Los Angeles Clippers owner Donald Sterling may be an accused racist and he may be a bona fide tightwad, but it doesn’t mean that he ever discriminated against Elgin Baylor during the Hall of Famer’s 22 lackluster years as the team’s general manager. That last part was the unanimous verdict of a Los Angeles County jury on Wednesday when they rejected Baylor’s lawsuit against Sterling and team president Andy Roeser for age discrimination.
The 76-year old Baylor originally included a claim for racial discrimination as well, but it was dropped earlier this month. Even still, he was looking for $2 million in economic and mental distress damages from his 2008 split with the team after 22 seasons. During that time, the Clippers posted just two winning seasons and won just one playoff series.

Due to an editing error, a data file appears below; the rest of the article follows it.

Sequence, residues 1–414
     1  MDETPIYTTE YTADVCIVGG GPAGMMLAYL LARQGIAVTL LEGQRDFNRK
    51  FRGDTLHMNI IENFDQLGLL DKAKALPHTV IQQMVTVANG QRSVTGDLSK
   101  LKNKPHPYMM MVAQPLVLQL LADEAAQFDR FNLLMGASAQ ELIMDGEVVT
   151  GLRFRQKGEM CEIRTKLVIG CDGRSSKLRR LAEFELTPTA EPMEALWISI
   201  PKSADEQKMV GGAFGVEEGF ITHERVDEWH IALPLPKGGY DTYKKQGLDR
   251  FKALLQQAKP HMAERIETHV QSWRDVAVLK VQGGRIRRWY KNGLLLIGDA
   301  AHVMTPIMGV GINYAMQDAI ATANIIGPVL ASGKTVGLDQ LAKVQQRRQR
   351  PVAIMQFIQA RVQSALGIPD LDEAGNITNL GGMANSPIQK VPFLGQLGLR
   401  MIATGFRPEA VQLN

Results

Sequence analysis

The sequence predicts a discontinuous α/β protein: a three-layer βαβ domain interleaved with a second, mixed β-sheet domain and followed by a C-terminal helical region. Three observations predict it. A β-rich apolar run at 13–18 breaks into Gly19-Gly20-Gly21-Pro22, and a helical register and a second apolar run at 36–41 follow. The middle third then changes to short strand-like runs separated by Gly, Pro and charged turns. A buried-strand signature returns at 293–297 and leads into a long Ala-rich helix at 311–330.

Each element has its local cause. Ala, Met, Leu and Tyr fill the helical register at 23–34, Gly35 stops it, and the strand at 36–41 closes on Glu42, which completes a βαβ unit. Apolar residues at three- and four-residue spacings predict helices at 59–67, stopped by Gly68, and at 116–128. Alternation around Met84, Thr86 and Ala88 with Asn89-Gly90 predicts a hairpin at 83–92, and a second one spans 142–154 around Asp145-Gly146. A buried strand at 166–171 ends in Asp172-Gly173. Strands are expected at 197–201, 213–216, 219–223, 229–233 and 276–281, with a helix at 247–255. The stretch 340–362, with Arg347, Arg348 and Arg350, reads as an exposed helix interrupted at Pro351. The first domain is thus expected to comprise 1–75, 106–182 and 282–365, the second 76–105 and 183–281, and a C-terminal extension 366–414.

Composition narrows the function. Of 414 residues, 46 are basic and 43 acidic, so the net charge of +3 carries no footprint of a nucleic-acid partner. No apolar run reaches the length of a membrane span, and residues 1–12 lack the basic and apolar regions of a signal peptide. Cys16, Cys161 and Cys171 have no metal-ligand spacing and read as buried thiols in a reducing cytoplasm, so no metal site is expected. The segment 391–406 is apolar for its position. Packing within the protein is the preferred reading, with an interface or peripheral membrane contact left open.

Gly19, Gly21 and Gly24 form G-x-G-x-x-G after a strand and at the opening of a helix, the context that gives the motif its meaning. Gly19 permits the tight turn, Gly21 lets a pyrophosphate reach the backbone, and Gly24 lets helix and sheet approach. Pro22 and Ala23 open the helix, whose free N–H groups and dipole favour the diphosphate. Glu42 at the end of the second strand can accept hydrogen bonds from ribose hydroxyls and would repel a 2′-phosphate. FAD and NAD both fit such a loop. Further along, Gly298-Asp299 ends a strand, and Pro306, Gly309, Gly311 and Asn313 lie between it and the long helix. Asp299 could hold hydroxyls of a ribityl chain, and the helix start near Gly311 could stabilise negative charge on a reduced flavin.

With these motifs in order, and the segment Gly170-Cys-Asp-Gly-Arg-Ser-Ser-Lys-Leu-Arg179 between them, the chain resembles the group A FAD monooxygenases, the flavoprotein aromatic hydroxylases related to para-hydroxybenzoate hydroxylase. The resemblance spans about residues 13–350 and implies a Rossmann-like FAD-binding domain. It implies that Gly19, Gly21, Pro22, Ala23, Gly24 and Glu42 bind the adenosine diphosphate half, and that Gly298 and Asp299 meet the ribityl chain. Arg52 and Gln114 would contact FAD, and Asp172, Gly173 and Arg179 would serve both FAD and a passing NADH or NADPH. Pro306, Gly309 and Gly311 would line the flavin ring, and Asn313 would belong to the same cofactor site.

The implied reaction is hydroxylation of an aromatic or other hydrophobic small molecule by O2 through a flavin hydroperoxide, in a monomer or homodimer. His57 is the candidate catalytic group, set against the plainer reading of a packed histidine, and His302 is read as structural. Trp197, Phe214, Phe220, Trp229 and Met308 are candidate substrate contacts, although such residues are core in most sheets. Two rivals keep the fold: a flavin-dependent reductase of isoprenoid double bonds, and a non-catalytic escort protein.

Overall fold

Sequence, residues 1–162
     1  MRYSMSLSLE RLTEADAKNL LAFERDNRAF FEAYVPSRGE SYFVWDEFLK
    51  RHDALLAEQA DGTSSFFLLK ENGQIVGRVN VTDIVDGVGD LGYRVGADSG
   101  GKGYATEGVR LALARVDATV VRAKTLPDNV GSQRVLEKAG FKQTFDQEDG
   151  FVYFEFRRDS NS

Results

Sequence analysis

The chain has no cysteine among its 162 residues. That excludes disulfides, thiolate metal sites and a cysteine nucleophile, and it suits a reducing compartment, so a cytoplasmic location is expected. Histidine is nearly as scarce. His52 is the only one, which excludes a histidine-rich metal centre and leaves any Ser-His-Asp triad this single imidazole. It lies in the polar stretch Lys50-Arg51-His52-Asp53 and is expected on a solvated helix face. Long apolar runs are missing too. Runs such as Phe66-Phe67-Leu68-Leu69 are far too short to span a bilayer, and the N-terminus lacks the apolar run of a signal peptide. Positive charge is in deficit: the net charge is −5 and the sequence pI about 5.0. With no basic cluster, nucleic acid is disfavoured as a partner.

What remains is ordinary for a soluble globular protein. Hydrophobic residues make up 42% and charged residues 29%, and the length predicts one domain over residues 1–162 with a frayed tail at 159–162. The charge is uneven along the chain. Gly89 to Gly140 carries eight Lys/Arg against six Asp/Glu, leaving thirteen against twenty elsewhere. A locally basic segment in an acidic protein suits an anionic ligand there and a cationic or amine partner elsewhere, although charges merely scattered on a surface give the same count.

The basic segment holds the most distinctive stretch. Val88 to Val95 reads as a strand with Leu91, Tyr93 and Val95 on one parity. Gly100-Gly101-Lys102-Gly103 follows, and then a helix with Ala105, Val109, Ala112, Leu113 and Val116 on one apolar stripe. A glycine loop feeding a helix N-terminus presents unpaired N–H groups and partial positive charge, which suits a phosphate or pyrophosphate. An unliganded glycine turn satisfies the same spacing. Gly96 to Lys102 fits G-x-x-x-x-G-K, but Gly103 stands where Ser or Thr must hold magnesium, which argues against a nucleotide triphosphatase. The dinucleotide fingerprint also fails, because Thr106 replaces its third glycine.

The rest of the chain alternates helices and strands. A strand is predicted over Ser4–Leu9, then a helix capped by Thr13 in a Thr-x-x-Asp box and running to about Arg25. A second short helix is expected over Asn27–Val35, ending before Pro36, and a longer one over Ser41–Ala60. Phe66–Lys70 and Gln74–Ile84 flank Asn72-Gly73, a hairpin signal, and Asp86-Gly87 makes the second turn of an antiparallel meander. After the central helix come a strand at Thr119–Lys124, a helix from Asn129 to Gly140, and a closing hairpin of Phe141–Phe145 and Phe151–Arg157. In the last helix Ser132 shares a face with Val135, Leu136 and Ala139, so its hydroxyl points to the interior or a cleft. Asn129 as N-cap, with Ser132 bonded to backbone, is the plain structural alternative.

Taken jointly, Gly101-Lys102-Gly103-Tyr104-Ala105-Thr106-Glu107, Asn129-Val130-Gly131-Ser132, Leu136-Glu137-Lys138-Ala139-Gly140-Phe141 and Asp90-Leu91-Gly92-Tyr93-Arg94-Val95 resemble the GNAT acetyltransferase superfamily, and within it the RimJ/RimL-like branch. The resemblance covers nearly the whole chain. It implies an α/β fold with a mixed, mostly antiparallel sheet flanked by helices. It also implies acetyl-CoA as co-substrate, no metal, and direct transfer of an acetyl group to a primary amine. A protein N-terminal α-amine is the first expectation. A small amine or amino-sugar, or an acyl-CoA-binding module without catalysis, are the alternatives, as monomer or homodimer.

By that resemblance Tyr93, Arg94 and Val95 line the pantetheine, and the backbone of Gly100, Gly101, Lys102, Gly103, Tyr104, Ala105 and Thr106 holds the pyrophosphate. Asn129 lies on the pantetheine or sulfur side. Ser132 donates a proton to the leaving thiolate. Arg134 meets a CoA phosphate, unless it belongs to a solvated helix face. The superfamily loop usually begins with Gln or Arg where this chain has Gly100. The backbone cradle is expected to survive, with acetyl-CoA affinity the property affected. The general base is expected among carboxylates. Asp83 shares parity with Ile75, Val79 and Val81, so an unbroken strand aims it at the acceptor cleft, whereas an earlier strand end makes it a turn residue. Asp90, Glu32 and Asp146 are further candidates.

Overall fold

Over the years, a litany of nasty accusations have been heaped at Sterling – the least serious of which is being a bad NBA owner, regardless of how true it may be. Nonetheless any past instances of discrimination that may or may not be true are hard to apply when you’re consistently one of the league’s worst GMs yet somehow hold on to your job for more than two decades.